Sterling licks its wounds after a flash crash that saw it dive 10 per cent in a matter of minutes. Computer-driven trading is seen as one cause of the sudden drop - but a growing nervousness over Brexit shows just how vulnerable sterling is. David Pollard reports.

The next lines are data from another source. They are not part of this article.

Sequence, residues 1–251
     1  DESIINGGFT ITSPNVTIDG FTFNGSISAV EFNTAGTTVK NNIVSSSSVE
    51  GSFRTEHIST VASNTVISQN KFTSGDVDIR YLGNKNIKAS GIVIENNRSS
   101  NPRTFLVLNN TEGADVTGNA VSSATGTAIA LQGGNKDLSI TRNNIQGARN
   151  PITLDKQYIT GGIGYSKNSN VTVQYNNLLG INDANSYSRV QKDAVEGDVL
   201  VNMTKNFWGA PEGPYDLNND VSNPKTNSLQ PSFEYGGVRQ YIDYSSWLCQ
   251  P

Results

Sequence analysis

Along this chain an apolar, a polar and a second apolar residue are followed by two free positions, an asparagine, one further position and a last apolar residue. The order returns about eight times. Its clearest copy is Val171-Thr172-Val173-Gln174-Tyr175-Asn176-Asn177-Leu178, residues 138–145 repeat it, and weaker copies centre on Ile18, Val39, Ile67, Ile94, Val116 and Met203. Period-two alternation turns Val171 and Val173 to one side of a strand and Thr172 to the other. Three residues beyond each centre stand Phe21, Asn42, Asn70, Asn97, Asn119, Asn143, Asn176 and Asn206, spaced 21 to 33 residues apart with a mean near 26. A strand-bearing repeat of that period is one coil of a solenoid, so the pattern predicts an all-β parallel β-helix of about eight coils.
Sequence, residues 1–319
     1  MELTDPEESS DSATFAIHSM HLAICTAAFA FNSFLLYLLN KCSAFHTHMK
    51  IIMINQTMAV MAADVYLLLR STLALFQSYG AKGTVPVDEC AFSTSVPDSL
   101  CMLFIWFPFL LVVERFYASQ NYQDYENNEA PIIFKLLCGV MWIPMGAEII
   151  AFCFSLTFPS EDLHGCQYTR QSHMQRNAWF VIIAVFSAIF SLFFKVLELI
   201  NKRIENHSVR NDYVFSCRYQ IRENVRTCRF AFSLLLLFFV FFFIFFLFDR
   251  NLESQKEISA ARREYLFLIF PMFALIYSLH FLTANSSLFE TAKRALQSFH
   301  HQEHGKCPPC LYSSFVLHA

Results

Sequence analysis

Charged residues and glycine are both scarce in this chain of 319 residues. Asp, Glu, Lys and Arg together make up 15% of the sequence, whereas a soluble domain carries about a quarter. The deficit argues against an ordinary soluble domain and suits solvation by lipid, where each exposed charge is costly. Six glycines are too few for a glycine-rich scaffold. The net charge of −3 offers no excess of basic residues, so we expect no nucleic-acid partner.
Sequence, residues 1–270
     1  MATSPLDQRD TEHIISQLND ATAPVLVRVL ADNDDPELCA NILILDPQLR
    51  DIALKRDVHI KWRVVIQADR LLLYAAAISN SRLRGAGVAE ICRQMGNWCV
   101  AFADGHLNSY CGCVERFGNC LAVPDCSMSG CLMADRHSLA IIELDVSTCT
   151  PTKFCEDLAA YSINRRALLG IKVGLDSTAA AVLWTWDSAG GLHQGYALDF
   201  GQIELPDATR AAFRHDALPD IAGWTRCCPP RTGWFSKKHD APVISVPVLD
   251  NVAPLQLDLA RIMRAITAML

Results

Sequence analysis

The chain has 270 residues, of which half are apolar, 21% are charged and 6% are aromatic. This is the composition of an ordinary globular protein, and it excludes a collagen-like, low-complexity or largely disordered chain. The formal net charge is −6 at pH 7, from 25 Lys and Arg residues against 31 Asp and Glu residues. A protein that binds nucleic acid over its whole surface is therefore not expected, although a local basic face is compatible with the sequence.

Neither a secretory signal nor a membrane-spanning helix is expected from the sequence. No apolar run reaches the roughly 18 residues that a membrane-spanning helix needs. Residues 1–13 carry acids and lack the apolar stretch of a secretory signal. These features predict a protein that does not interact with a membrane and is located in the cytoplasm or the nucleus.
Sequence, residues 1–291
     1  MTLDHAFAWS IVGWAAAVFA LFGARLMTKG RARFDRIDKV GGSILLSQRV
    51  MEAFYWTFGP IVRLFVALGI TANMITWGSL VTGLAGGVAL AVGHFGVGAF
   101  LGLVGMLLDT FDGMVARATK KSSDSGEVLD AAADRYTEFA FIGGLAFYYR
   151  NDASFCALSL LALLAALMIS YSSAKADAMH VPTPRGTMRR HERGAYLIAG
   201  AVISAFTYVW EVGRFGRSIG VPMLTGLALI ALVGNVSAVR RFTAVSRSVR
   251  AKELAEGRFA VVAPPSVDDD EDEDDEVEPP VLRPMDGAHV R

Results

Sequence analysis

It was a moment to shake, if not the world, then certainly, its currency markets. Sterling losing a tenth of its value in a matter of minutes. (SOUNDBITE) (English) CIBC, HEAD OF FX STRATEGY, JEREMY STRETCH, SAYING: "We were seeing sterling under pressure in the overnight session, breaking down through the 1.26 threshold. I think that encouraged both stop-loss orders and also I think it triggered some options barriers. That exacerbated the moves, and of course once markets were moving relatively quickly in what were thin, illiquid Asian markets, then that encouraged a degree of algorithmic trading which then just amplified the move." Nobody's quite sure what triggered the sell-off. Some ask whether it was a so-called 'fat finger' or human error. Others noting it came after remarks from France's President Hollande - the EU must stand firm against Britain, he said. What is certain is that it caps a week where Brexit nerves have dominated. (SOUNDBITE) (English) CIBC, HEAD OF FX STRATEGY, JEREMY STRETCH, SAYING: "There's still plenty of reason to continue to stand aside from sterling and it's interesting that we're starting to see investors also starting to lighten government bond holdings i.e. gilts. So it's reflective of a loss of confidence in UK PLC as things stand." But computer-driven trading also playing its part in a vertiginous drop. (SOUNDBITE) (English) CIBC, HEAD OF FX STRATEGY, JEREMY STRETCH, SAYING: "I think it is a reflection or a reminder to markets that if we rely totally on computers and moving away from human interaction, we can get more aggressive moves." A weaker pound's good for exporters, of course, who sell their goods in sterling. But a 17 percent drop since the June 23 referendum will also push the price of imports - and therefore inflation - upwards. The lows seen in this 'flash crash' a strong pointer of where many traders see sterling going anyway.